Read also: Exploring the Amalfi Coast’s Top Attractions
This westernmost town on the Amalfi Coast has clearly been discovered, as you can see by the chic fashions and the tanned men wearing them. It’s easy to understand the appeal of Positano when you see the flower-draped pastel-colored houses cascading down the steep slope to the beach. Apart from the 13th century church of Santa Maria Assunta, with its majolica tile dome and Byzantine icon of a black Madonna (brought here by pirates, according to legend), the only things to see are the narrow alleys near the harbor and possibly celebs sitting in the cafes. There are more things to do on the beach, where you can rent rowing boats, paddle boats, sailboats, Zodiacs and motorboats, or embark for a cruise along the coast to Capri. Just east of Positano it’s just as trendy praianoalso with a tiled church and not far beyond that the road crosses the deep and dramatic gorge of Vallone di Furore.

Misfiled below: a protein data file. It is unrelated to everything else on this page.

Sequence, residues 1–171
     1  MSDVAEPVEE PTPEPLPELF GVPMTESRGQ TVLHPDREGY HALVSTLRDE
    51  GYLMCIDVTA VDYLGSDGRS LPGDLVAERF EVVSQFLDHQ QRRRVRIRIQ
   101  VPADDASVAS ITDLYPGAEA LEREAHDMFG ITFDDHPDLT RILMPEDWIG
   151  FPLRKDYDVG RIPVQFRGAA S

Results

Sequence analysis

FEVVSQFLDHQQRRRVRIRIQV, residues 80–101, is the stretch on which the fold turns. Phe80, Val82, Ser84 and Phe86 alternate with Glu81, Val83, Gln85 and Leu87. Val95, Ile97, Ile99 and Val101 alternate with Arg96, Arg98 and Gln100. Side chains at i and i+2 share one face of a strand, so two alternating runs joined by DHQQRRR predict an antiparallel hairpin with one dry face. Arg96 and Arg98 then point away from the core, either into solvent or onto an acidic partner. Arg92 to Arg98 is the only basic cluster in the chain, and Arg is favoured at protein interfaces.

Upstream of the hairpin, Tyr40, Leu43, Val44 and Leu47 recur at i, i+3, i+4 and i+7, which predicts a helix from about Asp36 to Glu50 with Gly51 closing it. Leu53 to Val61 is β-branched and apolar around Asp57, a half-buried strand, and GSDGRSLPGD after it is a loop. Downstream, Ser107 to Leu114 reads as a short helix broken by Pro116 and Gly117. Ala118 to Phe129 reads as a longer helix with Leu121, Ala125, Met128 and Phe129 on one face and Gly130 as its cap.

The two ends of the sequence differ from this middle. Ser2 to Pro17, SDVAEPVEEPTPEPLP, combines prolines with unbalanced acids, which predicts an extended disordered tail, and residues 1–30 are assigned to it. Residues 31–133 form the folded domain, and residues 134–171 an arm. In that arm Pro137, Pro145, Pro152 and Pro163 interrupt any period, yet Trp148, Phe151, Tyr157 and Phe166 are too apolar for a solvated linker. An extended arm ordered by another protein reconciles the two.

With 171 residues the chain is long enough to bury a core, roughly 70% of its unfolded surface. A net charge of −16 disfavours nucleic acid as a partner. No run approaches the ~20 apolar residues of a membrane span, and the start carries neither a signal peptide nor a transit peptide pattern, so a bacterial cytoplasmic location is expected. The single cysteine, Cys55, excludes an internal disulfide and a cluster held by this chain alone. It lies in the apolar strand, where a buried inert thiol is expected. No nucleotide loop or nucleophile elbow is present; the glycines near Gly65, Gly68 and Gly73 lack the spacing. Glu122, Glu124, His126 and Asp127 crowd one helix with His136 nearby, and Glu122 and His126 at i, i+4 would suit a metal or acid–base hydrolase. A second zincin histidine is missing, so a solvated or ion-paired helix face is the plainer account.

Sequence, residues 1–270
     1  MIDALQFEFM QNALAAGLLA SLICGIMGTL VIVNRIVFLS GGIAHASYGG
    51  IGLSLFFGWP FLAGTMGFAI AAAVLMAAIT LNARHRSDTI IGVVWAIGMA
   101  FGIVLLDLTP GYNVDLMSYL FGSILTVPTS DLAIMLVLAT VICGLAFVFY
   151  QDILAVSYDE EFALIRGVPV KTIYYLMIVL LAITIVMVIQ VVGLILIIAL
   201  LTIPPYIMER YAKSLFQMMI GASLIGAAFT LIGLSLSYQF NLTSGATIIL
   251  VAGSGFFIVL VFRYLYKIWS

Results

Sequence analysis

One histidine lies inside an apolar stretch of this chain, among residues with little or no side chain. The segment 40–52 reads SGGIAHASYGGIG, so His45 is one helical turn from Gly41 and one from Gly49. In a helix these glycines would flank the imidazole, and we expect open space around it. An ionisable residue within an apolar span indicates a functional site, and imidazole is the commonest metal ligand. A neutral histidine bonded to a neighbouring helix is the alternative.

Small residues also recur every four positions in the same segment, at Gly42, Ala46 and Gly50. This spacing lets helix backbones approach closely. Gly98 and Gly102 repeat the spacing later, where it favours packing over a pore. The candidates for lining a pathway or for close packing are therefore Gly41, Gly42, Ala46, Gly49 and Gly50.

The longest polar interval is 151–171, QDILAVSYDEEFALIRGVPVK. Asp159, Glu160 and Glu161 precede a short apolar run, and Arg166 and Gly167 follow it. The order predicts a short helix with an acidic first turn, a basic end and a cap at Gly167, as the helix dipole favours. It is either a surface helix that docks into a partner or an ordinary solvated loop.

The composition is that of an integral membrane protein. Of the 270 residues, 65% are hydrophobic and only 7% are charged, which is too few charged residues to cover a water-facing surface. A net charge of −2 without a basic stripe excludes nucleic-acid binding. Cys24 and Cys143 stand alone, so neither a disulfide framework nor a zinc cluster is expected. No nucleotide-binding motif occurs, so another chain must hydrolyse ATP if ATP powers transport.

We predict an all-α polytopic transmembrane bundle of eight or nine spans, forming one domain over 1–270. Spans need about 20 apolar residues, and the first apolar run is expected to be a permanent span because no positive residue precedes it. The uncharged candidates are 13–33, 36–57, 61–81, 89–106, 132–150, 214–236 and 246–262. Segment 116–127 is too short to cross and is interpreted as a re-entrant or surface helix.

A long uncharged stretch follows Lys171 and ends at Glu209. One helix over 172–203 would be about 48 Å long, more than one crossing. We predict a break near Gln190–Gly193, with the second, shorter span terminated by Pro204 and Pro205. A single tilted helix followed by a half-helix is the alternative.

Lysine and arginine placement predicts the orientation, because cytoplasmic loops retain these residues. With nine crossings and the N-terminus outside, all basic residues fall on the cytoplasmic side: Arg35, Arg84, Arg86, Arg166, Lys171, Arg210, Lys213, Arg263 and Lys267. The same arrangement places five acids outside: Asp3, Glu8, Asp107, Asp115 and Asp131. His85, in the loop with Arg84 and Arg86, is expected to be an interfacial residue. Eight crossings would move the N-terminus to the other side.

Accommodation: Where to Stay in Positano
Grotta dello Smeraldo (Emerald Cave)
Near the village of Conca dei Marini, stairs and an elevator descend to a sea cave. You may wonder how a sea cave got stalactites, but it wasn’t always at sea level. The cave was formed higher up, but the volcanic activity in the region (you are not that far from Mount Vesuvius here) changed the sea and ground level and placed the cave where the sea could wash. Like the blue cave in Capri, sunlight shining through the water makes it look as if it has been lit from within, in this case in an emerald glow. The water is so clear that it is possible to look at the bottom. Boats wait at the cave entrance to take you inside, or you can take a boat to the cave from the beach in Amalfi, about a 15-minute drive away.